Winkler belt knife fails strength tests (GREAT response by Winkler)


Gold Member
Apr 6, 2004

I received the replacement belt knife from Daniel Winkler today. It came by second-day priority mail. It is perfect. The grind lines are perfect. The old knife will be sent back to him tomorrow. He sent me a pre-paid label to cover the shipping costs.

I tested the knife in what I thought was a reasonable way for a hard-use knife with heavy edge geometry, by chopping a chunk of Douglas Fir, a softwood that is very strong. Doug fir is used for framing here in the Pacific Northwest. This piece was sun-dried, clear grained and barkless — free of dirt, sand and knots. I hit it hard. There was no damage to the edge.

I also tested the tip with a series of thrusts that punched it into the wood no more than a quarter of an inch, and then pried splinters up. There was no tip damage.

This second test easily damaged the old knife with a broken heat treat.

That’s all the testing I’m going to do. The knife is fine and extremely well made. The sheath is better than the old sheath, although they are the same style.

At first, I thought the edge was not sharp because it would not slice paper easily. Actually, the edge is sharp, but the edge profile is very thick — 0.0475 inches at the shoulders. The edge angle is about 43 degrees inclusive. This kind of edge geometry isn’t meant for slicing paper.

I’d like to thank Daniel Winkler for replacing my old knife, which was secondhand, but unused. I thought his response in this thread added to his well-deserved reputation as a master bladesmith, as well as a person with an abundance of integrity. He showed us all how a good man responds to honest criticism.

He didn’t have to replace this knife, and I didn’t ask him to.

It’s not easy to post a thread showing the weakness of a particular knife, especially one made by someone with an excellent reputation. The easy route is to just contact the maker and do everything out of the public eye. But in this case, we had a chance to see how a bad heat treat can affect blade performance; and we also had the chance to see that this was an isolated case that Daniel explained up front and with no excuses. We know what happened and why -- which is what a thread should be about.

Hopefully, all is now well with everyone. It is with me.

Jan 16, 2014
His response sold me for several future purchases. and I am now carrying a tad edition winkler belt knife with me every day. and I have used it and it has held up perfectly and keeps a killer edge.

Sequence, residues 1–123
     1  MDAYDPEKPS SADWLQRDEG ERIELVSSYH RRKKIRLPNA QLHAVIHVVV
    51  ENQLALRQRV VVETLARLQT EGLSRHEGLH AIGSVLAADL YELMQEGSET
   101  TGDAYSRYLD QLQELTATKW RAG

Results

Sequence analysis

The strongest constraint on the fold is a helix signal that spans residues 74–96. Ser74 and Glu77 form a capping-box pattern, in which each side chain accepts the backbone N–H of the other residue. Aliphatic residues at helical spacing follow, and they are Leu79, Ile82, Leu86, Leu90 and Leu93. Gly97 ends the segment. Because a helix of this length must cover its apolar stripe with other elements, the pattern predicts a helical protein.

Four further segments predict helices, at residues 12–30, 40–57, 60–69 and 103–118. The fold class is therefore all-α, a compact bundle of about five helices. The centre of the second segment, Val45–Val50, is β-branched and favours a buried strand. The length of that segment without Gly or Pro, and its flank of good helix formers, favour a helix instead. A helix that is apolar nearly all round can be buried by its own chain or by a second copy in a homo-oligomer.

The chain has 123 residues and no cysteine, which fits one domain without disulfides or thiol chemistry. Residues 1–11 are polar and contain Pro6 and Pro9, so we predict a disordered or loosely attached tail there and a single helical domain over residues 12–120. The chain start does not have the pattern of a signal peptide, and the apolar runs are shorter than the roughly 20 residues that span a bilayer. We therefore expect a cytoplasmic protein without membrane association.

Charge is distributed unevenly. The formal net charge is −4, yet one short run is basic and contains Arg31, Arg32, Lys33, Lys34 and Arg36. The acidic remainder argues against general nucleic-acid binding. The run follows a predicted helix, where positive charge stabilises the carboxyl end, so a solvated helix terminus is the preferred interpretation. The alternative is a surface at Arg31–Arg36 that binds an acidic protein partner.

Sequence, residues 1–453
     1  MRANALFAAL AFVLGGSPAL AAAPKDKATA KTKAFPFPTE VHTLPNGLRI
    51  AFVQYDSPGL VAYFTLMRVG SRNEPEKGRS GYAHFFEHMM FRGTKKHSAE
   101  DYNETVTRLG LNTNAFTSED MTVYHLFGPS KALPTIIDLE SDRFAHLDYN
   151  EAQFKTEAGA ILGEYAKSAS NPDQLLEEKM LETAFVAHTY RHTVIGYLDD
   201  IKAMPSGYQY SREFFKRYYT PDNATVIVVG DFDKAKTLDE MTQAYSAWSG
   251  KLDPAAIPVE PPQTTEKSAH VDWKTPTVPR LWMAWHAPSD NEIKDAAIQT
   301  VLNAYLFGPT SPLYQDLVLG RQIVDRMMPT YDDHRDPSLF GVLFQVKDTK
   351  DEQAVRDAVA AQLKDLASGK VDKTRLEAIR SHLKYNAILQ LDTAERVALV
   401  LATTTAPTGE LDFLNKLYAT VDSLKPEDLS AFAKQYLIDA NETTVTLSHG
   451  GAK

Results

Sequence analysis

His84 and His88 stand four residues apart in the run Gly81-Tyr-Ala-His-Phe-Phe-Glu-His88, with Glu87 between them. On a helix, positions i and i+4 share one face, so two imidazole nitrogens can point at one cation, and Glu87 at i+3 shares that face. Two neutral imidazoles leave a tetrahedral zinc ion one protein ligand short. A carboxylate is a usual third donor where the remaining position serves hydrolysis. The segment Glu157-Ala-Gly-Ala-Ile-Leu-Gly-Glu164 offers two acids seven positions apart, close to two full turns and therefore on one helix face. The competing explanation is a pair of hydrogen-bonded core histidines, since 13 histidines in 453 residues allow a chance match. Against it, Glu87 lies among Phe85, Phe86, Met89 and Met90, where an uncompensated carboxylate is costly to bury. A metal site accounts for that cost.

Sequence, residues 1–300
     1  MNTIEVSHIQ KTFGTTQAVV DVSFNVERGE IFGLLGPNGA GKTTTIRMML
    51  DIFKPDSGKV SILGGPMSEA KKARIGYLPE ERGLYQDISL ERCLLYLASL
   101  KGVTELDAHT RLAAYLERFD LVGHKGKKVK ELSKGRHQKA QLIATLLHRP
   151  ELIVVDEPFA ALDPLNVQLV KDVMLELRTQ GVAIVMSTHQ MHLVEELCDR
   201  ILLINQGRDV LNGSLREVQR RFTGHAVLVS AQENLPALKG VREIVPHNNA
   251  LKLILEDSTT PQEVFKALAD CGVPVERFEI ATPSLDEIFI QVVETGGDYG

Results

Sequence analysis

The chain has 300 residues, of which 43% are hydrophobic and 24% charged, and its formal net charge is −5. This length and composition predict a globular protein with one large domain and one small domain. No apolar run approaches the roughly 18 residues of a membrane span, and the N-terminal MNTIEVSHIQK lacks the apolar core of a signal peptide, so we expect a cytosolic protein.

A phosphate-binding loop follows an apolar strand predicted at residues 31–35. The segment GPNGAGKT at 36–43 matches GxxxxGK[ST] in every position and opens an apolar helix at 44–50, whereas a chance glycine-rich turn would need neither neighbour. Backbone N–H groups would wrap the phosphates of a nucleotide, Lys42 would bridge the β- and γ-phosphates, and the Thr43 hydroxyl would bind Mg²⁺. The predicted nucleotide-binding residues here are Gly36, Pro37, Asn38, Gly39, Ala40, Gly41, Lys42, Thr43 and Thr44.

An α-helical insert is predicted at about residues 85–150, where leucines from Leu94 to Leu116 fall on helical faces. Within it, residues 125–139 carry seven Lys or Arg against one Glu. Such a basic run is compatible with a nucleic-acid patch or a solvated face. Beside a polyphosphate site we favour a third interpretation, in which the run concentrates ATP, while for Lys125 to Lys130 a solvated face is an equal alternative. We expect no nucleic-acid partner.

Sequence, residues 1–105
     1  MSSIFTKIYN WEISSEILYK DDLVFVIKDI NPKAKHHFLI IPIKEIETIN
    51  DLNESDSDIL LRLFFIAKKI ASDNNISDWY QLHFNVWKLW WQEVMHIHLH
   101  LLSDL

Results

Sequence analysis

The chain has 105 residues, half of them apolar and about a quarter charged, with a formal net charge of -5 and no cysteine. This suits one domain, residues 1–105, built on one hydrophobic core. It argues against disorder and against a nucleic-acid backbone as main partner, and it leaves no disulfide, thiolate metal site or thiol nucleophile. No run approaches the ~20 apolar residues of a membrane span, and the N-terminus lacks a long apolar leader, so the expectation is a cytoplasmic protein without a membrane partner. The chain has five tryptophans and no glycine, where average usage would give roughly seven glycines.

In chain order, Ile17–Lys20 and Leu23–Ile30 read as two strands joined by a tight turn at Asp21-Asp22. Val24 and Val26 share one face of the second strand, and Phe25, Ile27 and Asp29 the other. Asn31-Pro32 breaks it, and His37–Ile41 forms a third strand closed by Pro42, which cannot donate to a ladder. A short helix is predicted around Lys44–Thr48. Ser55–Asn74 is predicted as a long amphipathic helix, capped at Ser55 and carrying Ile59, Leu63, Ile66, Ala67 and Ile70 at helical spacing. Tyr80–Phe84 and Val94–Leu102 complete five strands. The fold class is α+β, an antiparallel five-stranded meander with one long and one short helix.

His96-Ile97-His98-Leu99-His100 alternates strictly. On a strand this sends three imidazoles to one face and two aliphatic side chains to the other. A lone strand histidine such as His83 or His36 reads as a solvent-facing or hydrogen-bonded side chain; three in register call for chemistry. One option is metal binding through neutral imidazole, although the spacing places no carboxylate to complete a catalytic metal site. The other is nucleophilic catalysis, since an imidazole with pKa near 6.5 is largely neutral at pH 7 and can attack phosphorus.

Glad it worked out for you.


Basic Member
Jun 27, 2007
Awesome looking blade, and glad everything worked out! :thumbup:
Apr 4, 2007
Gotta say I have serious amounts of respect for Mr. Winkler and his products. And I love that he has the amount of humility he has and can even poke fun at himself. All I know Is I would rather buy a knife that does what the OP's did and have the customer service than a knife that may not have any problems yet you fear the possibility as you know the company wont be their for you. There are many instances in this hobby that have me questioning the state of things. Then things like this happen and renew my faith. Great stuff.
Mar 26, 2012
I believe this cause from the 52100 source that use to made this blade came full spheroidize annealed (very soft structure wit load of carbide) for ease of machining and need to be normalized (soak at higher temp) to break up the carbides and get the steel structure to be ready for hardening.
This is a very common problem for makers who do stock removal especially when working with steel from new source.
Jun 10, 2003
Spheroidize annealed is ready to HT. But for each supplier you have to find the right HT. There is a difference in th e annealing which will produce small or large carbide spheres ! The larger the carbide s the longer your soak time .The point is to saturate the matrix with carbon to get full strength matrix.